The 3,100 companies in attendance have launched about 20,000 new products since the tradeshow opened on Jan. 10. They range from everyday items like new smartphones to crowd-wowing flying cameras.
Besides companies using the venue to introduce consumers to their hottest new products, this year's Consumer Electronics Show highlighted the materials and capabilities that will dominate the tech world in 2012 and for years to come. The prototypes and early models that debuted this year are the first versions of technology destined to change not only our consumer experiences, but eventually redesign our households and even our nation's military strategies.
Here are four of the most important trends from the 2012 Consumer Electronics Show setting the stage for the future of tech:
Shaping the Future of Tech1. Gorilla Glass: This game-changing material by Corning Inc. (NYSE: GLW) is lightweight, damage-resistant, and dominating new products that rely on thinner glass for optimal use.
"The Gorilla Glass breakthrough is important because we are moving to a touch-screen world," said Money Morning Defense and Technology Specialist Michael Robinson. "Thinner glass is integral to technology that will greatly enrich the user experience of smartphones, ultrabooks, TVs, and ATMs. The thinner the glass, not only the smaller the electronics, but the more responsive and accurate the screens become."
Robinson has detailed industry-defining innovations like Gorilla Glass in his Money Morning series, The Era of Radical Change.
While Gorilla Glass was showcased in smartphones and laptops at the Consumer Electronics Show, Robinson said the material's importance goes beyond these everyday items.
"We are moving to the Japanese model in which a wide range of products typically sold in stores now come to consumers through vending machines located everywhere," Robinson said. "You'll control them with a smartphone or with touch screens depending on consumer preference. I predict a flood of new vending machines will hit the U.S. in the next five years that will need tough glass to deal with thousands of consumer purchases a day."
2. Ultrabooks: With traditional laptop sales plummeting, and tablets last year's hottest CES export, companies have combined a computer's operating capacity and a tablet's size to create ultrabooks, the latest phase in personal computing.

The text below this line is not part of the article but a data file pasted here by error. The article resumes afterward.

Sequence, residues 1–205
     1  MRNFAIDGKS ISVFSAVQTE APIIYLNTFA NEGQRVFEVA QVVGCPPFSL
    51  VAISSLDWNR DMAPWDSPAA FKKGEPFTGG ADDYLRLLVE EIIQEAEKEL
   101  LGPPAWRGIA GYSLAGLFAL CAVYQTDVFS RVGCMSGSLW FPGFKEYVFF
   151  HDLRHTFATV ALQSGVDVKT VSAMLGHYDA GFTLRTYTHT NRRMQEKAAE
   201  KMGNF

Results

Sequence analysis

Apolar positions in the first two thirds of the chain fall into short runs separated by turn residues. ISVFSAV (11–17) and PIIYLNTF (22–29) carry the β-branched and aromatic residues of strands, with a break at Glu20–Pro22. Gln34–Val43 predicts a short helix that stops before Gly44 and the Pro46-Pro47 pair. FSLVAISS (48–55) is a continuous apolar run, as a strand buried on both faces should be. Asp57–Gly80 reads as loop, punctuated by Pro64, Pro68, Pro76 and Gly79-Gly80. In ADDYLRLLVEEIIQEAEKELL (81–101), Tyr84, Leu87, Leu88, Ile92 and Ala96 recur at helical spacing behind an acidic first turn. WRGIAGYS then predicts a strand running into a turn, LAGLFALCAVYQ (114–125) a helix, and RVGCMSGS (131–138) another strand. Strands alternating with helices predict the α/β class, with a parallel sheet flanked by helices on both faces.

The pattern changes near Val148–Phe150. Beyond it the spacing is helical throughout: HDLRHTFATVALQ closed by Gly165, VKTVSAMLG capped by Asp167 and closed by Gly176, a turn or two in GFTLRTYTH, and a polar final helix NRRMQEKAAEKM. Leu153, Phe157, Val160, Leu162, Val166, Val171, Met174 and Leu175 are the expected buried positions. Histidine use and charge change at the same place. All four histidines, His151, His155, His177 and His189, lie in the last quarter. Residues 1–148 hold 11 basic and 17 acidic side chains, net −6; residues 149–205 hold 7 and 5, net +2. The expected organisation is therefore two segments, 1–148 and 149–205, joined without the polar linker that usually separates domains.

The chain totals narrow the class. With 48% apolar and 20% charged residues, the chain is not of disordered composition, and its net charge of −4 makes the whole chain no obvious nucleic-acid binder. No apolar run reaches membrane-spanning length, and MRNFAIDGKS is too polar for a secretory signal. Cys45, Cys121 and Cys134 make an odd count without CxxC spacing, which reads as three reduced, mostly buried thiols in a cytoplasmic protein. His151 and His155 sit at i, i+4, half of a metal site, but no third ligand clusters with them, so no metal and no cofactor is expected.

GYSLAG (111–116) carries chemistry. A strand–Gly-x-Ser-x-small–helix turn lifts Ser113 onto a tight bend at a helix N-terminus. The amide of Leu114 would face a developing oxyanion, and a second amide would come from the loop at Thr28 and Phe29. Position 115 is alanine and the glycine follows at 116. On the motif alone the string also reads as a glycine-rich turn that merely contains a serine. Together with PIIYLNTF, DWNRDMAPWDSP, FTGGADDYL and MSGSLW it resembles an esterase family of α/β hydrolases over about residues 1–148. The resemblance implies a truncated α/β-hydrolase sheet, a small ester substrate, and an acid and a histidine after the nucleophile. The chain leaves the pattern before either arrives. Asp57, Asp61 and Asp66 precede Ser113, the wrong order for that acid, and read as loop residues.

Popular models at the 2012 CES include Hewlett-Packard Co.'s (NYSE: HPQ) Envy 14 Spectre, a 14-inch ultrabook covered in black Gorilla Glass and weighing less than four pounds. It's slated to hit markets Feb. 8 at a price of $1,400.
Lenovo Group Ltd. (PINK: LNVGY) debuted its IdeaPad Yoga, which will be available in the second half of 2012 for about $1,200. Its screen bends backwards to use as a stand for easier video viewing.
Coming in at a more affordable price tag of $999 is Dell Inc.'s (Nasdaq: DELL) XPS 13. It's made of aluminum and can download e-mail while in sleep mode. Toshiba's Portege Z series rings in at $899. It boots up in as little as 13 seconds, is only 0.62 inches thick, and has an eight-hour battery life.
3. "Smart" TV: The future of TVs will be thinner, clearer - and smarter.
Not only will they be no thicker than a pane of glass and display amazingly sharp images more realistic than any flat-screens on the market today, but they'll actually obey voice and gesture commands.
An example is the Samsung Super OLED 55" TV, equipped with Samsung's Smart Interaction software. It allows users to interact with their TVs through gestures, voice control, and face recognition technology. The TVs can customize your viewing options by identifying the user's face and showing the applications most frequently used. It also means controlling channels and volume with a wave of your hand or a simple voice command.
"Speech recognition for TV also strikes me as a breakthrough," said Robinson. "I've predicted that speech recognition would become ubiquitous within five years. This moves us that much closer."
Apple - one of the most notable Consumer Electronics Show absentees - has already introduced Siri voice software in its products. As the technology catches on, remotes and manual operators will become simply back-ups to our own voice controls.
"Siri is a great voice bot that could be used to run your entire home theater or all the appliances in your home in the "House of the Future,'" Robinson said.
4. Eye-tracking technology: Forget using your hands to control computing. Swedish company Tobii Technology debuted its eye-tracking technology prototype at this year's CES.
The cutting edge system, called Gaze, uses a webcam to follow eye and head movements allowing hands-free navigation. It uses infrared sensors to make a 3D image of your eye, then tracks where your eyes move.
Tobii demonstrated the technology with an arcade game that involved smashing asteroids through eye movement, and text that scrolled down as the user read each line.
"Eye movement control is very important," said Robinson. "We are moving toward all sorts of interfaces, from your personal computer to your car dashboard, that can respond to eye movements."
Eye-tracking technology will not only change the world of consumer products; it could be a major factor in the future of global warfare.
"Just think: in less than a decade soldiers could fly drones around the world just by moving their eyes," said Robinson.
News and Related Story Links:
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The "Miracle Material" That Will Change the World
The Wall Street Journal:
Tech Charms: Flying Cameras, Musical Purses
Thin, metal Ultrabook laptops ready for takeoff
CES 2012: Samsung announces 55-inch OLED TV, adds voice control, face recognition to Smart TVs
Death of the mouse: How eye-tracking technology could save the PC
Vending machines getting high-tech